Ceramics Monthly: From your perspective as an artist and educator, how has the field of studio ceramics changed over time?
Cynthia Bringle: More people are working with clay. There are many classes and suppliers for materials, ready-made clay and glazes, plus stamps and decals. Some students are not getting basic instruction: how to throw, pull a handle, understand glazes and firing, etc. After working a short amount of time they are setting up to sell. Often they would benefit from more study and constructive criticism.
CM: How do you approach inspiring others to both use and create handmade ceramics?
CB: My teaching has been demonstrations and short sessions for clay groups and at craft schools. The longest classes have been eight-week concentrations at Penland School of Crafts, which I have taught five times. My aim is for students to improve their techniques along with evaluating their pieces. This includes learning how to look at and improve all parts as well as making work that speaks to the viewer and to form and function.
The buyers of my work are a broad spectrum. In my beginning years, I spoke to ladies’ garden clubs and book clubs; I told them I was out to replace all the plastic in their kitchen. I am still working on that. People are now more aware of the fact that pottery can be used, but I still often open the dishwasher to show pots in use. The maker needs to pass on knowledge about clay objects to the customer. If at all possible, educate the third and fourth grade students as they are the appreciators of tomorrow. This year, I made dishes for the fourth generation of a family.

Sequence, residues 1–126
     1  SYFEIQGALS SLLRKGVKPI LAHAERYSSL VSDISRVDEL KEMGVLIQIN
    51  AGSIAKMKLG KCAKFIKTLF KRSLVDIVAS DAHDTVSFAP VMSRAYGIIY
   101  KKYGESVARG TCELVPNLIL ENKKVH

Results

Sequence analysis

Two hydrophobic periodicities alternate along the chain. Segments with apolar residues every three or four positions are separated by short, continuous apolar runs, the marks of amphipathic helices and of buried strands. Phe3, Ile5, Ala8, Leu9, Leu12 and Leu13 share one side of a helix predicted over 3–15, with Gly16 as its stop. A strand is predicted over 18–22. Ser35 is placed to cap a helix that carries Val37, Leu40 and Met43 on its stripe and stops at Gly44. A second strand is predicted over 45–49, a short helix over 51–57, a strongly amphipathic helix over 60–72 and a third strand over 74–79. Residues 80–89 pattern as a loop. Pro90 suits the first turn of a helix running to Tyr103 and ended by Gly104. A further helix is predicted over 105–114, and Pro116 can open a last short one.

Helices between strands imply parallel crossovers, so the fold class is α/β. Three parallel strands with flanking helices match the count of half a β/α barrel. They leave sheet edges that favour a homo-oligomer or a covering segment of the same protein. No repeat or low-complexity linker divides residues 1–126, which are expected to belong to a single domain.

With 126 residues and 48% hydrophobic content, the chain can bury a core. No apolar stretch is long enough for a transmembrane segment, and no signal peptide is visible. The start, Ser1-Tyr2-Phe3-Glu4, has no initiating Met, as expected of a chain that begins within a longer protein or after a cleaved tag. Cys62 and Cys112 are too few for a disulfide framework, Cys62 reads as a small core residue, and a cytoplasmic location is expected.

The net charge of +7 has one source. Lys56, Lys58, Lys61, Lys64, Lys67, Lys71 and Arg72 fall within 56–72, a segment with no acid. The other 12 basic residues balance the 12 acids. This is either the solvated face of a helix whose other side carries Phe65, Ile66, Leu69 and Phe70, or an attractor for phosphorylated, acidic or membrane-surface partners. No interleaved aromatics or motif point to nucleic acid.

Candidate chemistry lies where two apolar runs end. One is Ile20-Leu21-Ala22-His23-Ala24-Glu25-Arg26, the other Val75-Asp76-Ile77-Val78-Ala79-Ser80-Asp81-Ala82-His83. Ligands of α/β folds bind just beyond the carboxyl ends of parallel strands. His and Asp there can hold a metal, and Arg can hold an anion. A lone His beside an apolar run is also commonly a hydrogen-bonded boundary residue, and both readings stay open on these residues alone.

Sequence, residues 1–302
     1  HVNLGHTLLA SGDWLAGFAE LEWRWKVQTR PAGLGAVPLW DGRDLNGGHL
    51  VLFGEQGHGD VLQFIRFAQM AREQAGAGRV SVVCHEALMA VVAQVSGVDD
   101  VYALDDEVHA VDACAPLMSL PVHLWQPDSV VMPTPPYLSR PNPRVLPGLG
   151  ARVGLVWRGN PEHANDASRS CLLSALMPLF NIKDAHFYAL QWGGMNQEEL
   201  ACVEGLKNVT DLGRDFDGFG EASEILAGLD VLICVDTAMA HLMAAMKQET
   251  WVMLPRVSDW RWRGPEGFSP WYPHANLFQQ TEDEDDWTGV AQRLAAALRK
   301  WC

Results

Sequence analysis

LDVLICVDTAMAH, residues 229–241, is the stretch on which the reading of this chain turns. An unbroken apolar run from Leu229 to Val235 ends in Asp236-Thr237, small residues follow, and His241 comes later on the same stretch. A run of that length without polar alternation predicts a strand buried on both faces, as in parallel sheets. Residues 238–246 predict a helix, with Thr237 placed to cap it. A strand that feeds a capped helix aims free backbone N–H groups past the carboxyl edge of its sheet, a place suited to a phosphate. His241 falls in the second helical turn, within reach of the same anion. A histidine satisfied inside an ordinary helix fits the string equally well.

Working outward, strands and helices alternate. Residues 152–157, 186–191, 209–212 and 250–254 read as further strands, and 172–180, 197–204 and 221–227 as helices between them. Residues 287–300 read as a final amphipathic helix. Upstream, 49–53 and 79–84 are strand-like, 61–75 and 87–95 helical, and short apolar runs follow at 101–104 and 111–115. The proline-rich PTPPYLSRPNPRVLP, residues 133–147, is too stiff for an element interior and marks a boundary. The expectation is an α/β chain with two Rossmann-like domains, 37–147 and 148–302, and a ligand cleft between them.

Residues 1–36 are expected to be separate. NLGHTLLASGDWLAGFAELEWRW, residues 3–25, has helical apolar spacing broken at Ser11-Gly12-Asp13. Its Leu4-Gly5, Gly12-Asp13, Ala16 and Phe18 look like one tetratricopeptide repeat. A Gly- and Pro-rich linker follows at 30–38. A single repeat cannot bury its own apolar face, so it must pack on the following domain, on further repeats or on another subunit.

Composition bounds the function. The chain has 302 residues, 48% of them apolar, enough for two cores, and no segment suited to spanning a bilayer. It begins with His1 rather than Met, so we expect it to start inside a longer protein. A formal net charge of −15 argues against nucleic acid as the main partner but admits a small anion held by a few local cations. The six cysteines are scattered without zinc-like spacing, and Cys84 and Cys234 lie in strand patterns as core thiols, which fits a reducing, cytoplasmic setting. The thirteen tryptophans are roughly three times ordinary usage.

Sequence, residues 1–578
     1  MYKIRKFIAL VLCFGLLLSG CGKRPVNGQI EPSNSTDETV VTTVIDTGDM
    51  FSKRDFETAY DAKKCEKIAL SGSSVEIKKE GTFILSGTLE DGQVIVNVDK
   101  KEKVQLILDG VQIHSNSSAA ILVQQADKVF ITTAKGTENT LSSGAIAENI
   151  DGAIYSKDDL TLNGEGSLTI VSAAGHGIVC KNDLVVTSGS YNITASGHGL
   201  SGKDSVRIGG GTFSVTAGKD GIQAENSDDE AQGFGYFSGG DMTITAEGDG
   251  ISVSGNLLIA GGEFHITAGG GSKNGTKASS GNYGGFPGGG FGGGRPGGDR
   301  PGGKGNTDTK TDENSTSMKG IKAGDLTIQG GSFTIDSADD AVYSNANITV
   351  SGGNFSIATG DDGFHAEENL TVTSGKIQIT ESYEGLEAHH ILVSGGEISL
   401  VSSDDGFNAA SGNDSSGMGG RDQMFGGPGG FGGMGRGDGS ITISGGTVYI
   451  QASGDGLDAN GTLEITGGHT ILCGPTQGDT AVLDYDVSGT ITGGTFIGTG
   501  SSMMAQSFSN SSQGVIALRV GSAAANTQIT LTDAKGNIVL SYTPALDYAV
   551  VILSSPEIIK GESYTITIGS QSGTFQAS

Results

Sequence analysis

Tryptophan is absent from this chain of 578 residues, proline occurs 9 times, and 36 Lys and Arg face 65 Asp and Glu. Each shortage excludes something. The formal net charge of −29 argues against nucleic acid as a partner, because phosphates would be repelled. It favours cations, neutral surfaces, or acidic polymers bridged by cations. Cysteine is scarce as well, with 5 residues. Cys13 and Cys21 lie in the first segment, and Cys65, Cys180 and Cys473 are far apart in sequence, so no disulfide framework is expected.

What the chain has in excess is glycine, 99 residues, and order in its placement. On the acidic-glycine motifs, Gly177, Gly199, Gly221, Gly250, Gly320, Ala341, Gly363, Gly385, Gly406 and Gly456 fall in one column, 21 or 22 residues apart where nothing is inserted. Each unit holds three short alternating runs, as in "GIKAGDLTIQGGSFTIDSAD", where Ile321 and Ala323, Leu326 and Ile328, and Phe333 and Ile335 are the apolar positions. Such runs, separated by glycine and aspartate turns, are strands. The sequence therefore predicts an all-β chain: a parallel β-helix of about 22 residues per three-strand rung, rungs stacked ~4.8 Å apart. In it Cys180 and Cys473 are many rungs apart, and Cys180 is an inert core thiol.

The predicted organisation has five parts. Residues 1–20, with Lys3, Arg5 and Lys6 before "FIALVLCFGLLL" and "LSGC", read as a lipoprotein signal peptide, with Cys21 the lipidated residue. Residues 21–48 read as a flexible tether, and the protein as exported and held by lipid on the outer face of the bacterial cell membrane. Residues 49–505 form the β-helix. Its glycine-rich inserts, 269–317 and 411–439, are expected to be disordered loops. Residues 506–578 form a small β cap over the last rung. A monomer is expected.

CM: What inspires you to keep working in clay both as an educator and as an artist?
CB: Working in clay has been my full-time job for 50 years. Years ago, I interviewed the production potter Joe Owen (of the Owen family of North Carolina potters) in Seagrove for Studio Potter magazine and remember well what he said, “When I retire I think I will make a few pots.” I, too, plan to continue working in clay. It is certainly my passion, and trying to go to the next step with my work keeps me interested and challenged. Working with different clay bodies and firings and evaluating my own work keeps me thinking about how to hopefully put better work out there.Photo: Edwina Bringle.